Sunday, February 3, 2008

Four things in five-hundred words

We had to cancel the On The Spot show up in Liberty last night. If I’m counting right, we’ve only done that twice in our run (which has been about two years).

It suuuuuuuucks. As producer, I felt awful. Six players drove to Liberty. Three people came to see them. Nobody got what they wanted. 

Had I done everything I possibly could to plug the show? I did a lot. But everything? No. Next time, I’ll try some new tactics.

As much as it sucked, I was glad there were only three people to send away. Three—especially when one was a comp and two are parents—made the “show or no show” decision fairly clear. If there were five—plus a Fakers cast willing to fill a table—it might have been a little tougher to call (and that's not even counting the fact that it would have covered half the rent).

There are
dozens of improv board discussions about calling shows. There are hundreds of stories about the call to do a show for two couples that left everyone in the theater feeling horribly uncomfortable. Or of shows for one person that turned him or her into a lifelong fan. (I’ve done both, including one of the latter that began, “Good evening, sir, and welcome to Outside the Lines.”)

Whenever you put players in front of a less-than-ideal house, there’s a chance they’re at an insurmountable disadvantage. For me, a “less-than-ideal house” has meant…
  • too small, 
  • too big,
  • too quiet, 
  • too rowdy,
  • too drunk, 
  • expecting stand-up at a short-form show, 
  • expecting short-form at a long-form show, 
  • wishing they were anywhere else but at a prom show, 
  • and distracted by the male stripper in buttless chaps sitting on the guest of honor in the middle of our set at a 50th birthday party.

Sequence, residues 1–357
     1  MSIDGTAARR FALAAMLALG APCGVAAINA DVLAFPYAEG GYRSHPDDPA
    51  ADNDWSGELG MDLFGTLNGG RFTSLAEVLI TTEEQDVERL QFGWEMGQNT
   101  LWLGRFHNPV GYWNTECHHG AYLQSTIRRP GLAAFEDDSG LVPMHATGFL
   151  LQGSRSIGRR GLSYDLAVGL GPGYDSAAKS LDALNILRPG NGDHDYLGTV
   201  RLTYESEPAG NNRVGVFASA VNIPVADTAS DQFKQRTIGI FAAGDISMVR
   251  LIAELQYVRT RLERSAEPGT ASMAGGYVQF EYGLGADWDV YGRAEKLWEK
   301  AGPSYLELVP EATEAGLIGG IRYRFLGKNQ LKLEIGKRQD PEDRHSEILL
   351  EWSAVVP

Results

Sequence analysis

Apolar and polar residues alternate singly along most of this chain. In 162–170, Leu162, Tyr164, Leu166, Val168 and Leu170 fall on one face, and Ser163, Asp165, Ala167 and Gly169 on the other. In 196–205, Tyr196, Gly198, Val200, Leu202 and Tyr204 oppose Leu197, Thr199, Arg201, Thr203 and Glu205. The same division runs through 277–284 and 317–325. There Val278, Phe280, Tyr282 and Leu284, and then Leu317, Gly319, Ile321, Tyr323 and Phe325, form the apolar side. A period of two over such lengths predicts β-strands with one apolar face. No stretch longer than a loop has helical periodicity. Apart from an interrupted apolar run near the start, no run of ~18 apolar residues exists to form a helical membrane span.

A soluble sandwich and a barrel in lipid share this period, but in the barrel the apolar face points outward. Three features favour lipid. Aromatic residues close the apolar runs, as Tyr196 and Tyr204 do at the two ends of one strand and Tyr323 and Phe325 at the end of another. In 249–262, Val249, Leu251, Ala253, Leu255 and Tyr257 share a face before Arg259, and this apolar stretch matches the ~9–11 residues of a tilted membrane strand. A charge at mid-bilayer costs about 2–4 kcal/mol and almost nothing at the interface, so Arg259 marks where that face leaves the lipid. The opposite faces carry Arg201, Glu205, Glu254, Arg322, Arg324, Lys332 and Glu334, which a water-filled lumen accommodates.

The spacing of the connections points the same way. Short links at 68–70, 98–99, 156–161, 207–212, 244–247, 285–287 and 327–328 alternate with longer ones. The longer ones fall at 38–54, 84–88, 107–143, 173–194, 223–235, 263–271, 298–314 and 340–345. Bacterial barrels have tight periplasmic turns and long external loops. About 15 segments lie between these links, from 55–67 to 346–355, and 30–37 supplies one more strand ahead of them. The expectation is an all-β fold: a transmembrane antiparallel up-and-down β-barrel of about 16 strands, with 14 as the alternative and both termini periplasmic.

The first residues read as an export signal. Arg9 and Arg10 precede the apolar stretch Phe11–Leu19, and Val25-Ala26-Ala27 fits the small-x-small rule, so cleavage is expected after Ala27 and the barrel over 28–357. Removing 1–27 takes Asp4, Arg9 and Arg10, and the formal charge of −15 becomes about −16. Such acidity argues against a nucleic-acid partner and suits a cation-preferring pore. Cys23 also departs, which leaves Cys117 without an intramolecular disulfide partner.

And sometimes the problem has in been the production instead of the audience. Like:
  • no place to warm up,
  • a tiny stage in the middle of an open field on a windy day,
  • an inexperienced host who can’t engage or control the crowd, 
  • an inexperienced technical improviser who blows every single cut,  
  • an understaffed theater where players are asked to sell tickets and play, 
  • an unreliable light or sound system, 
  • no light or sound system, 
  • or no light system, sound system, stage or chairs.
The point, finally: When is a less-than-spectacular show the fault of the performers—and when can you say, “there’s no way they could have put on a good show?”

What I believe until someone convinces me otherwise: If the audience is engaged, whatever happens between “can I get a suggestion” and the blackout is 100% on the cast and their director.

They can and will succeed if:
  1. They’ve rehearsed and prepared enough to be comfortable with what they're putting up. 
  2. Their heads are in the game—whatever it takes to get there.
  3. They trust each other enough to roll with whatever happens. 
  4. They’ve made the decision to have fun. 
If they’re talented and experienced…well, yeah. That increases their chances of putting up a show everyone feels good about. Duh.

But those four things can get you through almost anything. And they’re the responsibility of—
and completely within the control of—the cast and their director. No weird energy from the crowd, crappy set-up from the host or blown cut from the booth is going to hurt you.

Will you still have an off-night sometimes? Sure. But if those four things are true, you’ll know two more things: 
  1. No one else is to blame, and
  2. you did everything you could. 
On the other hand...if you can't say those four things are all true, guess what? It's all on you.


  1. Between our two shows at the Imp last night, we had under 10 people in the audience. I hate that.

    The good news is Thunderdome is this week, and likely will be sold out. :-)

  2. Can I get:
    1. A list of talking points?
    2. Another list of talking points?
    3. A pony?
    4. Trish to be less left-brained?

    Any arguments that you are not left-brained need to be presented in a power-point presentation along with supporting documentation.

  3. I was on the assless chaps remote! Holy crap I had forgotten that. Wow.

  4. Dear Scott:
    • It's my blog, and I'll play on whichever side of my brain I want to.
    • But since I've taken several tests that indicate I'm equally proficient at right- and left-brain thinking, I'll try to switch it up every now and then.
    • You're on your own for the pony.

    Dear Corey: I thought you'd like that. Crazy, right?


New rule: I'm not approving anonymous comments. If you want to sit at the grownup table, you have to sign your name.

Now c'mon. Pick a fight.